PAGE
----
GEORGE TOWN: A political analyst says Gerakan’s decision today to quit Barisan Nasional (BN) will have no impact on the coalition, adding that the move was not surprising.
Universiti Malaya’s Awang Azman Awang Pawi said the decision was also irrelevant as Gerakan had not won any state or parliamentary seat in last month’s polls which left Barisan Nasional (BN) in a state of disarray following its shock defeat.
“They contested 31 state seats and 10 parliamentary seats, but lost really badly in the elections,” he told FMT.
Gerakan, one of BN’s founding members, today announced it would remain as an independent opposition party, but would “cooperate with like-minded parties, individuals and groups”.
The party, which once ruled Penang, said the decision “was made after serious and comprehensive deliberation, reflection and consideration of the current political developments of the country post-GE14”.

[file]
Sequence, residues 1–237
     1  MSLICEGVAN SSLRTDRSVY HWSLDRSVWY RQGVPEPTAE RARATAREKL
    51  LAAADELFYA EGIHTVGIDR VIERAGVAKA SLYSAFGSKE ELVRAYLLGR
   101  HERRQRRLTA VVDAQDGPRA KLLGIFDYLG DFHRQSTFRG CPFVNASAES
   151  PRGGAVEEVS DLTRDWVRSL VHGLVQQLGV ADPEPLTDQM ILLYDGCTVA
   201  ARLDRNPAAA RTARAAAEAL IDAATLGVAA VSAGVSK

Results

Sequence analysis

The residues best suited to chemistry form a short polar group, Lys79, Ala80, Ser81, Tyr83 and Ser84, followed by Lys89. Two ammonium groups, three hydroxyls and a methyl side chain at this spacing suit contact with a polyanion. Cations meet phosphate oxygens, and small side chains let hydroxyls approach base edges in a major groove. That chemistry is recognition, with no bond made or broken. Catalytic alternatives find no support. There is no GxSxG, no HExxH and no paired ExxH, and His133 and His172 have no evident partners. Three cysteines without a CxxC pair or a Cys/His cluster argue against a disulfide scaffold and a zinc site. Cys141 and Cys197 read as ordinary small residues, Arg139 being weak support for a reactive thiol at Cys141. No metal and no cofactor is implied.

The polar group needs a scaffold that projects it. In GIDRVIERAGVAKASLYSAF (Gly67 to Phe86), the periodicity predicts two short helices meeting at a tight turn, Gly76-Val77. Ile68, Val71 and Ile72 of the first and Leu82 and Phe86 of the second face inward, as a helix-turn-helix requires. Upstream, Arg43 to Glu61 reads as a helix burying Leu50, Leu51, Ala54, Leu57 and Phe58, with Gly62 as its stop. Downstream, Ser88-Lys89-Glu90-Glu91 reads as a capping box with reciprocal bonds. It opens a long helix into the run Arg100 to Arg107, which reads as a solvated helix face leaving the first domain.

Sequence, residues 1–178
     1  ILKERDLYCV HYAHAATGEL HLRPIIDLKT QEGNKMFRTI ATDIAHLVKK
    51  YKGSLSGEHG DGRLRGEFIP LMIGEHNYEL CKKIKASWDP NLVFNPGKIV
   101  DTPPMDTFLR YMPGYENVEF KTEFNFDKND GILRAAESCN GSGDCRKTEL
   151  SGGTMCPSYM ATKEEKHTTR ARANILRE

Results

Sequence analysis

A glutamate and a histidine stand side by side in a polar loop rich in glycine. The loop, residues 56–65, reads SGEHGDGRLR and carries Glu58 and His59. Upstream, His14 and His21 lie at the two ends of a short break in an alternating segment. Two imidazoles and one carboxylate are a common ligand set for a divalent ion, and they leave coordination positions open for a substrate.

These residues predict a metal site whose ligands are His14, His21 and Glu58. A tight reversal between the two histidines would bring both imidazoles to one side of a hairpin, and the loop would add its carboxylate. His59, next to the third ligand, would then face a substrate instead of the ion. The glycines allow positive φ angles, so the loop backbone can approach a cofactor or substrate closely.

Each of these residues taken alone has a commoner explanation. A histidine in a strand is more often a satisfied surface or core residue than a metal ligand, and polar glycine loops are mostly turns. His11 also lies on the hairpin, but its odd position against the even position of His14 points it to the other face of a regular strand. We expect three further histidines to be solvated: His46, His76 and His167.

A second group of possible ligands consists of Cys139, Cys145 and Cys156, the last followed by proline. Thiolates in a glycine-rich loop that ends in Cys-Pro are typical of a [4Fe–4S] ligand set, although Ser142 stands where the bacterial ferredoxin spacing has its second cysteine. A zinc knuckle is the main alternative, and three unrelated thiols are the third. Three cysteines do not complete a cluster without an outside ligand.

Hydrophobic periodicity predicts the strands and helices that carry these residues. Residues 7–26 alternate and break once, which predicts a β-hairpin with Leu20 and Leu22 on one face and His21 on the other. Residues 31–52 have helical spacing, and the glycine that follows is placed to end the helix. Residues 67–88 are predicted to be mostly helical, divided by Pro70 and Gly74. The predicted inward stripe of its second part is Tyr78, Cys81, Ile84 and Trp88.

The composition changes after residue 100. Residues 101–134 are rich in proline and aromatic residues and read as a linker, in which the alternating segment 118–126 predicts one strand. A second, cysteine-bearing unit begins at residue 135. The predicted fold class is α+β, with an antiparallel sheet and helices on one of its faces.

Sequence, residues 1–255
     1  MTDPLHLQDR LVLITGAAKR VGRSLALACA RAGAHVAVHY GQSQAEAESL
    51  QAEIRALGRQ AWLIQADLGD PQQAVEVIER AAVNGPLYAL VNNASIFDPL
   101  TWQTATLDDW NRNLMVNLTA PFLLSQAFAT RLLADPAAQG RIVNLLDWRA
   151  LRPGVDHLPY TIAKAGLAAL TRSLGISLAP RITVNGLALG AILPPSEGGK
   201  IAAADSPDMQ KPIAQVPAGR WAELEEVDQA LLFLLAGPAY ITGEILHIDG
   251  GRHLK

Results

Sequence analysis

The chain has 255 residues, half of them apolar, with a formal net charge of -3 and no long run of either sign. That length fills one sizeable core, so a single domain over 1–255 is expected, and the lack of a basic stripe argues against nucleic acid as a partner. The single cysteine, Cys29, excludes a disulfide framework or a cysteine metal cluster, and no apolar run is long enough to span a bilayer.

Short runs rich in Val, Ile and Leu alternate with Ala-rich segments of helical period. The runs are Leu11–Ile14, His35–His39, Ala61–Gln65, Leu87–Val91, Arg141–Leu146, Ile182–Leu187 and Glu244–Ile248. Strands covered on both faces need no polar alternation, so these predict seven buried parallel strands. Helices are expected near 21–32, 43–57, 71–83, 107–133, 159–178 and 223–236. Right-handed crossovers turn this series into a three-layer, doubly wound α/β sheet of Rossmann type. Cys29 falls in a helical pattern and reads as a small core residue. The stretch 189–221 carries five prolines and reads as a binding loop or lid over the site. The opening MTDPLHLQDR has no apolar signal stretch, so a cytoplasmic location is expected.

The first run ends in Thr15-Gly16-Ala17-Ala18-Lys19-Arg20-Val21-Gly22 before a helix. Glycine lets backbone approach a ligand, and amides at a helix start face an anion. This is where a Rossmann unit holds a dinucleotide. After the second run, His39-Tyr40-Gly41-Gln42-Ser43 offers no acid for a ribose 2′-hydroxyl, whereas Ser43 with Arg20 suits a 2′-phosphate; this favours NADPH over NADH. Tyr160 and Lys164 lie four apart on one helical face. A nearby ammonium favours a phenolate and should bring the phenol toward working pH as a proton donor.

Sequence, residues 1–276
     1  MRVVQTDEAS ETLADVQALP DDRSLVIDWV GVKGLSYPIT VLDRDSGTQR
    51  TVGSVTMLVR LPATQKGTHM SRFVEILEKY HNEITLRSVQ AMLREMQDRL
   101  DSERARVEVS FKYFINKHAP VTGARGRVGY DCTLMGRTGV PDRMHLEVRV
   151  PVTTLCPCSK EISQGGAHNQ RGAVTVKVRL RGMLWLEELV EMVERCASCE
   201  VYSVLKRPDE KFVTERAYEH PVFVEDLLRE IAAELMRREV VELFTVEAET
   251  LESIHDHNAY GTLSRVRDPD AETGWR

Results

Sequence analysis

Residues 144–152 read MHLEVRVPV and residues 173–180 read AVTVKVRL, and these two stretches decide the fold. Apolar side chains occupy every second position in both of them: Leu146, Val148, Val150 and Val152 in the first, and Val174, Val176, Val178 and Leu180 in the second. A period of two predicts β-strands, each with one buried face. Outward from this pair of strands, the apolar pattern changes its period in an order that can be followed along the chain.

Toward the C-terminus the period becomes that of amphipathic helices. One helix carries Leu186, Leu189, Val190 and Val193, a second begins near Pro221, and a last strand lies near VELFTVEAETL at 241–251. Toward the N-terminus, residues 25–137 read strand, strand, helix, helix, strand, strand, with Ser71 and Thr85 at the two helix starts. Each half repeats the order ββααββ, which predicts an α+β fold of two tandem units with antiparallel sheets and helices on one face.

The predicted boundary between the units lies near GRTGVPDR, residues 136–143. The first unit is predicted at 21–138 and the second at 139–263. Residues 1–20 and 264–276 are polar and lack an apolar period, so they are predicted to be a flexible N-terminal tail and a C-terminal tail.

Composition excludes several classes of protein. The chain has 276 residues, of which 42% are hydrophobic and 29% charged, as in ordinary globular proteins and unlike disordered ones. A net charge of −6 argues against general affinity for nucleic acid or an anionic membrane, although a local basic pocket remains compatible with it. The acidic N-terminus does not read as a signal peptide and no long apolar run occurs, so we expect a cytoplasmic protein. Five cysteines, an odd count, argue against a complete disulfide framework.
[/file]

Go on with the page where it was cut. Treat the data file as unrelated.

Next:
Awang Azman said Gerakan’s best achievement was when it ruled Penang for four decades, prior to BN’s defeat in the state in 2008.
He said the year 2008 saw the beginning of Gerakan’s decline when the party won only two seats in the general election then.
Now, Gerakan will find it hard to survive on their own, said Awang Azman.
“Gerakan’s future, at the moment, looks bleak. They are now lone rangers.
“They will continue to compete with other multiracial parties such as DAP and PKR, but even then it will be tough for them as they are now on their own,” he said.
Awang Azman said even if MCA were to leave BN, it would not make much of a difference.
“BN really, really needs time to recover,” he added.
Gerakan rose to prominence as a multiracial party made up of left-leaning activists in 1969 in an opposition wave against the then Alliance. It won power in the Penang state government and made a strong showing in Perak and Selangor.
However, its influence eroded over the years, especially after the 2008 elections.